Peppermint needs very little introduction since it is one of the most popular essences that we use in daily life. From the moment we awake and brush our teeth, mint is a part of our routines – we use it in mouthwashes, shampoos, soaps, lotions, in our teas, in cooking and in our health care. But peppermint also holds a special place around the holidays. During the Christmas season, I remember as a child, my mother would make us hot chocolate and hang a candy cane in it. By the time the chocolate was cool enough to drink, the candy cane had melted and the drink took on this wonderful choco-mint flavor. Thanks to my limbic system and cellular recall, I can conjure up the taste all these years later! And I look forward to candy cane season just to recreate those yummy childhood memories!
Peppermint essential oil is steam distilled from the Mentha Piperita plant when it is mature and in full bloom. It is a wonderful oil to have in a first aid kit, although because of its strength, mint essential oil should only be used in acute cases and not over a prolonged period of time. Mint can also antidote homeopathic remedies so should be avoided if you are on a homeopathic treatment.
Otherwise, peppermint is one of the best oils to use for a wide variety of ailments, especially in the wintertime. Because it works into the hippocampus part of the brain, like rosemary, it stimulates mental activity and is excellent for mental fatigue, memory loss and the inability to concentrate. Mint burned in an aroma lamp when studying for exams or preparing a thesis is a wonderful way of helping the mind to focus clearly and remember more. It clears the head and refreshes the spirit. It also is good for dizzy spells, nervous tension, rapid heartbeat, depression and headaches caused by mental over-exertion. (How many students could use mint at end-of-semester exam time?…)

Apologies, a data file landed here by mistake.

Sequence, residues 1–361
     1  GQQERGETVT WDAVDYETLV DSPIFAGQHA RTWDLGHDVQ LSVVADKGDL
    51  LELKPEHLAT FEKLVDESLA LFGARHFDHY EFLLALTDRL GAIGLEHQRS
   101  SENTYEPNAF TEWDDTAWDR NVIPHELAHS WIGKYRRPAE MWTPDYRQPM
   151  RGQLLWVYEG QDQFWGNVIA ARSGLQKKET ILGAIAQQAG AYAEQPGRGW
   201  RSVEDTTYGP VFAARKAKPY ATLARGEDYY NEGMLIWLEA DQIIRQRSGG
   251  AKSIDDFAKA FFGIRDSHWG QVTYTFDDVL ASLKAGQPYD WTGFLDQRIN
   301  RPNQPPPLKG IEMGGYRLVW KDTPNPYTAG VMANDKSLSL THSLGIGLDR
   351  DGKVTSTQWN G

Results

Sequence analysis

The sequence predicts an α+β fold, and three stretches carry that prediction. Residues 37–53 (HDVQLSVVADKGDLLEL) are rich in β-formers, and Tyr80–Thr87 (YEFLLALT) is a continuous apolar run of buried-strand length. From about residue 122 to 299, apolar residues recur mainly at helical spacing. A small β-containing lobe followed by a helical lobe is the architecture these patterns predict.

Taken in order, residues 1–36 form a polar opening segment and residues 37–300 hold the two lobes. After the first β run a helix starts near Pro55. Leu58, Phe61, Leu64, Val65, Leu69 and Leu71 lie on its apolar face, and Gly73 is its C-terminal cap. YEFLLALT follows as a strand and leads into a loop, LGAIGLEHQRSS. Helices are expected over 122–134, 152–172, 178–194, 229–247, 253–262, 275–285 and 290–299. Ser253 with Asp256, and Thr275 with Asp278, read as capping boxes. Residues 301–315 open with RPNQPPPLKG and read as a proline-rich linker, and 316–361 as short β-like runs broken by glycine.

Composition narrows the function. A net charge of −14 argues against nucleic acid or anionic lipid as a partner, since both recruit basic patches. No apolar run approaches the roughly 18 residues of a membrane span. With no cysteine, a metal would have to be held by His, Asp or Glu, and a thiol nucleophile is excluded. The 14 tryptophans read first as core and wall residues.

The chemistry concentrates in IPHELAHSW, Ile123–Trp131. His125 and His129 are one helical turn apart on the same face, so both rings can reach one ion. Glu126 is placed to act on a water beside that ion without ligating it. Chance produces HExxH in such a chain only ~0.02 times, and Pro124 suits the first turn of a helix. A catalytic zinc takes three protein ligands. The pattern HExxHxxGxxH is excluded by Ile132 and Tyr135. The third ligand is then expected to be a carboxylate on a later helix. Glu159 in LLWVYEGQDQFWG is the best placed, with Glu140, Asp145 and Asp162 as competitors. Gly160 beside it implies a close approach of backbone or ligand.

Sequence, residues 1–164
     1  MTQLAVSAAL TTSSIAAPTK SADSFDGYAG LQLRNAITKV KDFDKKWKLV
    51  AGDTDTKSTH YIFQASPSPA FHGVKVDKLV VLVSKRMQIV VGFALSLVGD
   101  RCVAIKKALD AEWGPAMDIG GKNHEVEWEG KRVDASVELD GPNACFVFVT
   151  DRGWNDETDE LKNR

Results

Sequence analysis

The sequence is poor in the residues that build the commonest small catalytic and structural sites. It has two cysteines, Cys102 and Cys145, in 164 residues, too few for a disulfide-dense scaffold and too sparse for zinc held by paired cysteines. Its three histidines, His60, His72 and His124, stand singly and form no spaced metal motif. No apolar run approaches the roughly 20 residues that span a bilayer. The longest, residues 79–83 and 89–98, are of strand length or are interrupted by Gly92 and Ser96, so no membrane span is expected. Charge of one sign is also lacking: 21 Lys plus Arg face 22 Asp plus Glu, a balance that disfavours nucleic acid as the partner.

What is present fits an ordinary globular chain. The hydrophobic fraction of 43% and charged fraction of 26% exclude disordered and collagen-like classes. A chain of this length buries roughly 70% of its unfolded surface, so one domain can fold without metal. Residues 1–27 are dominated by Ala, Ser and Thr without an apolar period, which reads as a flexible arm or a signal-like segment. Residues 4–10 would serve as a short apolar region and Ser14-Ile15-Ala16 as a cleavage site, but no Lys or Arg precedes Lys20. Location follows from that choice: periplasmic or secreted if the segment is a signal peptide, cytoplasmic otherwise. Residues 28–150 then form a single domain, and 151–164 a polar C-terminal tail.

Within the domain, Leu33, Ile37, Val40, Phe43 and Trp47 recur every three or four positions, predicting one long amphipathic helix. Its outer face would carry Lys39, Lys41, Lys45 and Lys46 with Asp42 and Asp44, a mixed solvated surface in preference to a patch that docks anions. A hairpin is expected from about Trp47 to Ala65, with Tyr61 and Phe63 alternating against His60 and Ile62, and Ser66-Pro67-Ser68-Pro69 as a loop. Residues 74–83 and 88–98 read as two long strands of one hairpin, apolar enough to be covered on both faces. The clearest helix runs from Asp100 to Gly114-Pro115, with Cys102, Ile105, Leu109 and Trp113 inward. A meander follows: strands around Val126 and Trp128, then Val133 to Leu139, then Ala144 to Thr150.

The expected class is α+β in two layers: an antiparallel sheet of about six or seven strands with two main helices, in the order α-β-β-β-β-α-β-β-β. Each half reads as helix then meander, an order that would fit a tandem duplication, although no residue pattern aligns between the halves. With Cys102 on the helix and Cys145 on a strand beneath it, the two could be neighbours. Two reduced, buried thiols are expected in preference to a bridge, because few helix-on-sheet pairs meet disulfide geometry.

Headaches caused by digestive disorders can also be soothed by peppermint. This plant has long been used in digestive aids such as antacids and after dinner teas. (And who, around Christmas, doesn’t overeat?!?) Restaurants sometimes offer mints with the bill, not only to freshen the breath but maybe also to ease digestion as well. Peppermint calms nausea, motion sickness, is safe for women with morning sickness, and can settle stomachs after vomiting. This oil, when taken in small doses internally can also help with flatulence, giving the dispelled gas a faint minty odor. It works really well with dogs that have gastric challenges – a drop or two in their water will work wonders…
In the wintertime, illness seems to be everywhere. For colds and flu symptoms, peppermint can be used with tea tree or eucalyptus to alleviate congestion and mucous. It is a good expectorant and has antiseptic and disinfectant properties as well. Burned in the room, mint can kill germs in the air while helping with mental clarity. The main constituent of mint is menthol, which seems to have a cooling effect while heating and invigorating the body. It affects the lymphatic system, stimulating lymphatic drainage. Mint also acts on the circulatory system, increasing blood flow. When massaged into an area on the body this oil can help in relieving muscle pain, stiff joints, lumbago and sports injuries. Peppermint works both on mental stress as well as the physical tension caused by the stress and is a great massage oil to rub on the back of the neck where tension most often settles. It not only releases the muscle tension, but seems to relieve the mental confusion and help focus the mind so that the stress disappears.
Peppermint is considered a yang oil, and supports the 7th chakra. Clairvoyance and an increased sense of spirituality can be achieved by burning mint incense or bathing in a few drops of this delicious oil. Focus on one’s path and spiritual direction are offered in the many gifts that mint brings to us. It is an herb to be grown with thanks and love in our gardens. And it is a time-honored tradition to have around during this festive holiday season.
Have a happy holiday!